Time and time again, we have seen the extraordinary power of nice in our business dealings and in our personal lives. It is the patient passenger who politely asks the airline ticket agent to please check one more time who gets the first-class upgrade, rather than the “I’m a triple platinum member” blowhard. It is the driver who is polite and apologetic to the police officer who sometimes is forgiven for driving over the speed limit.
But nice has an image problem. Nice gets no respect. To be labeled “nice” usually means the other person has little else positive to say about you. To be nice is to be considered Pollyanna and passive, wimpy, and Milquetoast.
Let us be clear: Nice is not naïve. Nice does not mean smiling blandly while others walk all over you. Nice does not mean being a doormat. In fact, we would argue that nice is the toughest four-letter word you’ll ever hear. It means moving forward with the clear-eyed confidence that comes from knowing that being very nice and placing other people’s needs on the same level as your own will get you everything you want.
The Power of Nice
Think about it:
- Nice is luckier in love. People who are low-key and congenial have one-half the divorce rate of the general population, says a University of Toronto study.
- Nice makes more money. According to Professor Daniel Goleman, who conducted research on how emotions affect the workplace for his book Primal Leadership, there is a direct correlation between employee morale and the bottom line. One study found that every 2 percent increase in the service climate—that is, the general cheerfulness and helpfulness of the staff—saw a 1 percent increase in revenue.
- Nice is healthier. A University of Michigan study found that older Americans who provide support to others— either through volunteer work or simply by being a good friend and neighbor—had a 60 percent lower rate of premature death than their unhelpful peers.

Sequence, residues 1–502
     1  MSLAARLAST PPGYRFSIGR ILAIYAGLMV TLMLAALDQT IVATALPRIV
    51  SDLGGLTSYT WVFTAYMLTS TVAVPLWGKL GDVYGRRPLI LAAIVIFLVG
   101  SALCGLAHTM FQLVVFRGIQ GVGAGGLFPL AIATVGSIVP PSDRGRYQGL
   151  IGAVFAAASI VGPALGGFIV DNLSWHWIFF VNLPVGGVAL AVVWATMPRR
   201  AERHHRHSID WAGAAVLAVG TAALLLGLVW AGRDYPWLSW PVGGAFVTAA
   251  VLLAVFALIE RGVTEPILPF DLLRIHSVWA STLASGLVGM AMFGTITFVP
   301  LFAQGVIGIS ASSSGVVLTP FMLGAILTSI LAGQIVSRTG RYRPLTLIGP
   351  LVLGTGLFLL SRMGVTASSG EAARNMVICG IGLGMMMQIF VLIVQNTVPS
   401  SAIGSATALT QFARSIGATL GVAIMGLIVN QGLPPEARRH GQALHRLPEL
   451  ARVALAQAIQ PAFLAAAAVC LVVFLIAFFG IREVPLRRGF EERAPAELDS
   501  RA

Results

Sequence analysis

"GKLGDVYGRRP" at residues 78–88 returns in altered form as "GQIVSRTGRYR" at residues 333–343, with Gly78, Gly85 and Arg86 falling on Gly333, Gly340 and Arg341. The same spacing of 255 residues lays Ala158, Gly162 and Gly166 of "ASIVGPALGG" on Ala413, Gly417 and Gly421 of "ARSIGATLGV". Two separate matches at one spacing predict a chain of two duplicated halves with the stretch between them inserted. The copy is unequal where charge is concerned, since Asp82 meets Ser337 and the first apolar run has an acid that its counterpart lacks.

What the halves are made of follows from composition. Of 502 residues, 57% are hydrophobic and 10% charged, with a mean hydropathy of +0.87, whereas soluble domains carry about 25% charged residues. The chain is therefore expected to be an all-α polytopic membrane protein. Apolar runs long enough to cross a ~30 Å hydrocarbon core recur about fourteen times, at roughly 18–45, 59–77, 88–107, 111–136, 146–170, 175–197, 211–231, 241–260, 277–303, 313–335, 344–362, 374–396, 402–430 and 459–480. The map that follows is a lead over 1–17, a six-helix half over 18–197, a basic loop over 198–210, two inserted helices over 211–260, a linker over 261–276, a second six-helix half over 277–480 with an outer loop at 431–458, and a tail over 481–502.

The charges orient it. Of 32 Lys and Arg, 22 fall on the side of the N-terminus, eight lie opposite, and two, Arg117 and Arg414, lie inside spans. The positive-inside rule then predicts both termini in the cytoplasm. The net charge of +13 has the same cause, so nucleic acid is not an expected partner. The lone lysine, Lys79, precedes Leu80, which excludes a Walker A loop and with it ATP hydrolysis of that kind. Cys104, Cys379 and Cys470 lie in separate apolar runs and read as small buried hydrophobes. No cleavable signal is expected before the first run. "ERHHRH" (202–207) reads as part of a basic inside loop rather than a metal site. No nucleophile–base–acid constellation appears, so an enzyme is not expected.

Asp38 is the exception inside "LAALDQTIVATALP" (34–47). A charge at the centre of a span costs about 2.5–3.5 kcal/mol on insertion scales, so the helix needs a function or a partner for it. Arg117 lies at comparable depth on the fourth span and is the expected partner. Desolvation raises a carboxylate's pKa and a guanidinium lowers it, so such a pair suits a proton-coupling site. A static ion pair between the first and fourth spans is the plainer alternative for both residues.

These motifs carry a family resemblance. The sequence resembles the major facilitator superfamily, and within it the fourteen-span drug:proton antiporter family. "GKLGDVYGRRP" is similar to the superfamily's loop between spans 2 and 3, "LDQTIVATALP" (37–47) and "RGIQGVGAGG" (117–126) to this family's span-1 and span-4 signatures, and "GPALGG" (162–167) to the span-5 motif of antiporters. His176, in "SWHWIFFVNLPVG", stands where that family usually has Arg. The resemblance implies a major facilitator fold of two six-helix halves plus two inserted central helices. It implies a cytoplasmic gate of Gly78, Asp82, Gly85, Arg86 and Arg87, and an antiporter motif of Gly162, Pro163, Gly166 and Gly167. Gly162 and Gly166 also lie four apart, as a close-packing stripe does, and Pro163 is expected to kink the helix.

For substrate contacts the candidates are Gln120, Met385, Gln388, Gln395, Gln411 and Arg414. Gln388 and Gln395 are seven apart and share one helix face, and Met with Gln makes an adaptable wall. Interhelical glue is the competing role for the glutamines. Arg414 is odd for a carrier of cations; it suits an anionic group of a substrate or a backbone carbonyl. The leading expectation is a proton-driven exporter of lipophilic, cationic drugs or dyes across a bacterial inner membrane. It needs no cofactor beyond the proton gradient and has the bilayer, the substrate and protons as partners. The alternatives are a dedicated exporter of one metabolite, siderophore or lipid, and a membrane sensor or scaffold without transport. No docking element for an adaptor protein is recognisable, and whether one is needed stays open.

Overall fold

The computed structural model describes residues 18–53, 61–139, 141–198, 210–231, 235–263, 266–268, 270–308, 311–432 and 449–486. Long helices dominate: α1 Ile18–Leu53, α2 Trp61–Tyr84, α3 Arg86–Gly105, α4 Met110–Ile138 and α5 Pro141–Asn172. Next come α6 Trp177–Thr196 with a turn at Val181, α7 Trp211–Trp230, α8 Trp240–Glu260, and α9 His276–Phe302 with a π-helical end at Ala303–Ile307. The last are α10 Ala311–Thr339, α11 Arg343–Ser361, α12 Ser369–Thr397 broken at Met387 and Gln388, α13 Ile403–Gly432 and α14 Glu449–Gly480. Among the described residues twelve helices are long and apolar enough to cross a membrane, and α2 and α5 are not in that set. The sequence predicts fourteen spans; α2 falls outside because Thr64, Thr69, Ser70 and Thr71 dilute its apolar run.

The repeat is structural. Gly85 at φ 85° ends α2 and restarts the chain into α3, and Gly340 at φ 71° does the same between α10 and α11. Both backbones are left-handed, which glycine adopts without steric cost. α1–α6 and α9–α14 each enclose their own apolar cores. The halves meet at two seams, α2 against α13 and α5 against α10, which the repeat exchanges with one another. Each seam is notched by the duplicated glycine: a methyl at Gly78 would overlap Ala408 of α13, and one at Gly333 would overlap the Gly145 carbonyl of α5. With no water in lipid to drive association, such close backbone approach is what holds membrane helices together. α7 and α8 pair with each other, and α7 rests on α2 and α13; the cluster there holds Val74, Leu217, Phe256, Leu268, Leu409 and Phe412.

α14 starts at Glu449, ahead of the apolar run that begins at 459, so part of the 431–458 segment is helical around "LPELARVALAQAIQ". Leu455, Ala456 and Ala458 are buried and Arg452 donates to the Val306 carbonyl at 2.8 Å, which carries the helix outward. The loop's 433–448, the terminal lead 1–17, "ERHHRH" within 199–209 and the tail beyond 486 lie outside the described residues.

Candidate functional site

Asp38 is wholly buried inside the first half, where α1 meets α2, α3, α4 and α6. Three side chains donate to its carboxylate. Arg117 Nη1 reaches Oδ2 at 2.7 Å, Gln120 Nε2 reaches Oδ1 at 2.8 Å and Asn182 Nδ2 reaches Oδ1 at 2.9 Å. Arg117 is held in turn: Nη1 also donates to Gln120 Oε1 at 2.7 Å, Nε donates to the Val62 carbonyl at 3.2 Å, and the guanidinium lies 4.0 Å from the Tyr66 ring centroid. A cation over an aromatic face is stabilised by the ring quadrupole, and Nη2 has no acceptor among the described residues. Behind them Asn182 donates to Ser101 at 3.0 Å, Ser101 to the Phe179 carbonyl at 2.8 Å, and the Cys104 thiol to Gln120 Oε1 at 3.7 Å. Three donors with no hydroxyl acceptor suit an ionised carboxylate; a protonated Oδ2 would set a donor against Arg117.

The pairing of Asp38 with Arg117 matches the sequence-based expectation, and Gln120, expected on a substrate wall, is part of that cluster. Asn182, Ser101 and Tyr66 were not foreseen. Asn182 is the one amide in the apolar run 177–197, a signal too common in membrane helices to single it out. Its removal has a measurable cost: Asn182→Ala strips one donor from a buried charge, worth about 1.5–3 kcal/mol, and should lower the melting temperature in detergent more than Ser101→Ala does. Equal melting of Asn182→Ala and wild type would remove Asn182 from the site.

- Nice spends less time in court. One study found that doctors who had never been sued spoke to their patients for an average of three minutes longer than physicians who had been sued twice or more, reports Malcolm Gladwell in his book Blink: The Power of Thinking Without Thinking.
It is often the small kindnesses—the smiles, gestures, compliments, favors—that make our day and can even change our lives.
The Power of Nice Principle #1
Positive impressions are like seeds.
Every time you smile at a messenger, laugh at a coworker’s joke, thank an assistant, or treat a stranger with graciousness and respect, you throw off positive energy. That energy makes an impression on the other person that, in turn, is passed along to and imprinted on the myriad others he or she meets. Such imprints have a multiplier effect.
And ultimately, those favorable impressions find their way back to you. That doesn’t mean the waiter you tipped well will one day found a Fortune 100 company and offer you stock options (unless it was one hell of a tip). The results of the power of nice are rarely that direct. In fact, you may not notice any impact on your life for years, apart from the warm glow it gives you inside.
The Power of Nice Principle #2
You never know.
So it pays to be nice to Donald Trump’s wife. But we’re all smart enough to cooperate with the important people in our lives—the people we interact with often, like neighbors and coworkers, and the people involved in important transactions, such as mortgage brokers and prospective employers. We’re much less likely, however, to worry about, say, a stranger whom we’ll never see again. Too often, our thinking is “What does it matter?”